We (SO; ellieeggplant, and ellie's husband) had high hopes for this place, which also serves as the dining room for The Oakland House, a traditional Maine summer venue for families, once it was announced that the executive chef was the son of the chef at one of our favorite places, Cleonice in Ellsworth, where local sourcing and interesting tastes are the rule. The menu promised a lot of local sourcing, so our expectations were high. Unfortunately, they weren't fulfilled.
Given that it's a summer-colony kind of place with lots of young servers, service wasn't bad (although I had to help one young woman manage opening a bottle of wine, to the amusement of other guests). They don't have a full bar, so ellie's hubby was unable to get the martini he had in mind. Wine list is somewhat limited, but not unfairly priced, although only a few choices by the glass. The open restaurant tables are on a screened porch, overlooking some nice-looking garden produce on-its-way.
For starters, we had "Maine in a Box," which is indeed a box with mini-seafood rolls, rather like sliders: fried clam, crab, and lobster, along with cole slaw. These were tasty (rolls were bland), and the slaw quite good. I had their shrimp a la Russe, the traditional cold-rice mold with pieces of Maine shrimp, etc.: again, tasty, but not outstanding or distinctive. Ellie's beet salad was fresh, and she liked it. Remaining starter was "Mrs. somebody's crab" which was a healthy helping of fresh crab sitting on a somewhat cheesy base, with crackers. Unfortunately, for a hot appetizer, the base was pretty cold, so when mixed, it got stiff and and lost some flavour.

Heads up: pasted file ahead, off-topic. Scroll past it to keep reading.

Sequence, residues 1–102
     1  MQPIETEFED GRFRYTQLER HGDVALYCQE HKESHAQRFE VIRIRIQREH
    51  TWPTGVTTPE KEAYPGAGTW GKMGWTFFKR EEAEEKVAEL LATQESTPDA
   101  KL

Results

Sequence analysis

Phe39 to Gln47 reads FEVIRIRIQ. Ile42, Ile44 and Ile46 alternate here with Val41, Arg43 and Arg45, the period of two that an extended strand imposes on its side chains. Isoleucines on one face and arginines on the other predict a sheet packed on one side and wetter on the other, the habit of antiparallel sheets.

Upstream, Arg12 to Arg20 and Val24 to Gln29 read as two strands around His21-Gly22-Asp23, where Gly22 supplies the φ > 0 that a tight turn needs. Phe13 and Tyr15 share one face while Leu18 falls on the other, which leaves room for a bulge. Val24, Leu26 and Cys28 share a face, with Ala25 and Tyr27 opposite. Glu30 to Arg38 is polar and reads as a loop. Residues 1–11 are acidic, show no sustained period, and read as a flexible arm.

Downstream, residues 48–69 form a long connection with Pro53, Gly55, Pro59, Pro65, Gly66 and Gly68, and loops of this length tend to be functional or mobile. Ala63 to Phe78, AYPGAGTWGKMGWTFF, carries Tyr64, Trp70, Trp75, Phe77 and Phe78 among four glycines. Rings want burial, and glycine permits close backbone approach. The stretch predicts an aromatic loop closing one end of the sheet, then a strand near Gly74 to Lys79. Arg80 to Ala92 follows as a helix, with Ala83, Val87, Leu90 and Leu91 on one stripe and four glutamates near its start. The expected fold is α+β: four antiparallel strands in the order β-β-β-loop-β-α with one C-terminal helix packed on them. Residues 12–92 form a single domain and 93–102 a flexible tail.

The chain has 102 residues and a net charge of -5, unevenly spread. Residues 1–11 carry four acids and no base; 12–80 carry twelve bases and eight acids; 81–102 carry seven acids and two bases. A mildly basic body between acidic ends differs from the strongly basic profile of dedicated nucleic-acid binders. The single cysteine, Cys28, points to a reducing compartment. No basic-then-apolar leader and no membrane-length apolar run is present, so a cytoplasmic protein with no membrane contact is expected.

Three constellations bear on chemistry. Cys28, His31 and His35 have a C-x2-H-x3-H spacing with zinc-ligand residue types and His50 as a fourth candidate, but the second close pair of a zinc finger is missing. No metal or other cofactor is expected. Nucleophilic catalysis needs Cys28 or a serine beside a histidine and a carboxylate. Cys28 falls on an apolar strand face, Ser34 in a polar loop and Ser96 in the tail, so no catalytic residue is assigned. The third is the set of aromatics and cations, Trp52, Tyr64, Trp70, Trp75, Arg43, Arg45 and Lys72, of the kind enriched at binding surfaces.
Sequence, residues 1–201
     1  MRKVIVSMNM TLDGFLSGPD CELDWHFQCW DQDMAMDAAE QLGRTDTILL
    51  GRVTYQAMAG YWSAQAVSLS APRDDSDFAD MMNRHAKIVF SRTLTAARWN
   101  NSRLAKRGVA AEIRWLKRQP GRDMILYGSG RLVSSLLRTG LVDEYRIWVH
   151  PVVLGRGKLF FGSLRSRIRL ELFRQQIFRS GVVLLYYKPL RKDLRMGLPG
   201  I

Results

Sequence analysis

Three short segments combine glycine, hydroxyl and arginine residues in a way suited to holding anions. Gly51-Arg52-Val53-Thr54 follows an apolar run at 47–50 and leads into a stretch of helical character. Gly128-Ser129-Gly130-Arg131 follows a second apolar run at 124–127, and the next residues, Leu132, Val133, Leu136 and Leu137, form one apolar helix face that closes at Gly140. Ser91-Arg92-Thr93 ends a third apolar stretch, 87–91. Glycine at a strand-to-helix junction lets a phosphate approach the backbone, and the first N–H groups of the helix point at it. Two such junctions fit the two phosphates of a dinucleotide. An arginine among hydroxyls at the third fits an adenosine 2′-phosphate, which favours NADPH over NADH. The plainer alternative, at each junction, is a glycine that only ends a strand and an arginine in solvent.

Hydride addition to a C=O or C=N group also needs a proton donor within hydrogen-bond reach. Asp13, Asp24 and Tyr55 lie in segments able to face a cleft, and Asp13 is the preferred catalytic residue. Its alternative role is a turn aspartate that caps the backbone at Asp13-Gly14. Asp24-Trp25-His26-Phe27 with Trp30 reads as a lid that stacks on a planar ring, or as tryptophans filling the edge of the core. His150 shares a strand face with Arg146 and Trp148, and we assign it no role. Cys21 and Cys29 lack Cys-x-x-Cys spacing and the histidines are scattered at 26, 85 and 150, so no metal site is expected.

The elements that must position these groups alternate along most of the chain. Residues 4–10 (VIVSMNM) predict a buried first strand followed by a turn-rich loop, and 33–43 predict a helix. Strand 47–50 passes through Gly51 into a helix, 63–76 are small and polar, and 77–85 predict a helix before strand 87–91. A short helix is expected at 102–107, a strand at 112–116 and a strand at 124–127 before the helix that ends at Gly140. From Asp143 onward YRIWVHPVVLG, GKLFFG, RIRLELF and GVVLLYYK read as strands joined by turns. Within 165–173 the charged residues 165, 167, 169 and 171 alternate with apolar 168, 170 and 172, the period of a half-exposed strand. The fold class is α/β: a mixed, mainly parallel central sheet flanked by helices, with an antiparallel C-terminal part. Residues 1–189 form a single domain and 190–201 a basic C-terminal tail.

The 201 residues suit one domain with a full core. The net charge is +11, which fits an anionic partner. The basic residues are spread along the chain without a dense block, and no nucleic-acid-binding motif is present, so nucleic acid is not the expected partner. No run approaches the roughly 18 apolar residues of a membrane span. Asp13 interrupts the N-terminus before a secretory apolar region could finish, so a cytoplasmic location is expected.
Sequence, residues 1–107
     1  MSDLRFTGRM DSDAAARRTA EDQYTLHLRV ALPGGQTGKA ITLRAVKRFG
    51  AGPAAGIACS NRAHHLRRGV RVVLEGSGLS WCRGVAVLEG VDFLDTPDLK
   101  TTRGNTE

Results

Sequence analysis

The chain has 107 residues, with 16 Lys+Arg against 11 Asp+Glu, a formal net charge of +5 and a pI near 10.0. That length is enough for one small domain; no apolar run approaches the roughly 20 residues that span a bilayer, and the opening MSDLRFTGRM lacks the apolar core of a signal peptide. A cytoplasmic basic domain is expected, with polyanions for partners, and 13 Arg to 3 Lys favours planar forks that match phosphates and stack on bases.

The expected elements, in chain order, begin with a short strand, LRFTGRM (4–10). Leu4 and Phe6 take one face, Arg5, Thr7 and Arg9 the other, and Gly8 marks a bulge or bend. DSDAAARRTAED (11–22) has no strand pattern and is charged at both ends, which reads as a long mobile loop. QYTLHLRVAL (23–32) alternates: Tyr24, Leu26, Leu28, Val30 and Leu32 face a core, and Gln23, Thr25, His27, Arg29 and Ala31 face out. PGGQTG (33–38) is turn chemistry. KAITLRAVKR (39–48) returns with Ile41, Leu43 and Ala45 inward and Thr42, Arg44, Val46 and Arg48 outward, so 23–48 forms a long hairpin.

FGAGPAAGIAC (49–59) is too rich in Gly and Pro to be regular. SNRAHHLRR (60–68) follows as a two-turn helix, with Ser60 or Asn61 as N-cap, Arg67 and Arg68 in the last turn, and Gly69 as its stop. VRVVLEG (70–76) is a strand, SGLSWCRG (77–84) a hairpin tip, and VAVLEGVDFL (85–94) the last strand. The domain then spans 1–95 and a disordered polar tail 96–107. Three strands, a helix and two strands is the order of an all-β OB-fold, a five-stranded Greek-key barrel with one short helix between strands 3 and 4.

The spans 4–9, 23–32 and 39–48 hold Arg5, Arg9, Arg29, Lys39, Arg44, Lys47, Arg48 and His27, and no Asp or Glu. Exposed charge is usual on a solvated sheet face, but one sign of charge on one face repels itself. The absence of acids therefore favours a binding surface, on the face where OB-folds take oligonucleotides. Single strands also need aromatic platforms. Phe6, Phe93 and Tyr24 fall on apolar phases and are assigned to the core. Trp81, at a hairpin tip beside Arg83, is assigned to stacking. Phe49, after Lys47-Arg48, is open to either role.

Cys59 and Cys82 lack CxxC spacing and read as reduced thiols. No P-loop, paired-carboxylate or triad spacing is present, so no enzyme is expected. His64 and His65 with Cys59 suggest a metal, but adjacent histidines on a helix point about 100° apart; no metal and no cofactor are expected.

None of the above was enough to merit a bad review, but it was downhill from there. One of us had "scallops a la Greque," with the expected feta, olives, etc. OK, if not superior, and nothing very local about it except the scallops. But two of us went for what should have been a no-brainer: sauteed "dab flounder". We each had two large filets, lightly breaded (not overly tasty breading) that were light brown on the serving side...and completely black and hard on the bottom. As Ellie's husband commented, a decent expediter (presuming they have such) would not have allowed these to be served, since all the flavor of the fish had long since vanished. We pointed it to our server, who asked if we wanted something else. Since it was now the height of the service, and quite busy, so that we would not have been able to continue eating with our friends, we said no, so she said she would say something to the chef. Perhaps she did, but our expectation that someone would now appear to ask what might be done to improve our satisfaction...didn't happen. Nothing was said, nothing was comped. Ellie had the best entre of the night, a completely delicious (and properly undercooked) risotto and local veg made with the grain faro: very unusual, and very good.
I note that for a place with an emphasis on local, one of the 6 appetizers featured "elk tartare with raw quail egg," and one of 7 entrees featured bison flank. Maybe I'm missing some local purveyors, but neither of these strikes me as "eating local in Maine!"
For dessert, each couple shared what was billed as a "dark chocolate trifle," which led me to expect some nice layed confection with rum or sherry soaked cake, chocolate cream, etc. What arrived was fairly ordinary "mousse in the glass," with just something chocolate-pudding-y, and whipped cream, and small amount of raspberry sauce on the top: again, not bad, just not up to the standard we hoped. With wine, $210 before tip.
I'm not sure we'll make a return visit unless we hear from others of a better experience. Too bad, as the Blue Hill peninsula doesn't exactly abound in decent chow in the summer, even though you'd think it would given the volume of flatlanders coming to visit.
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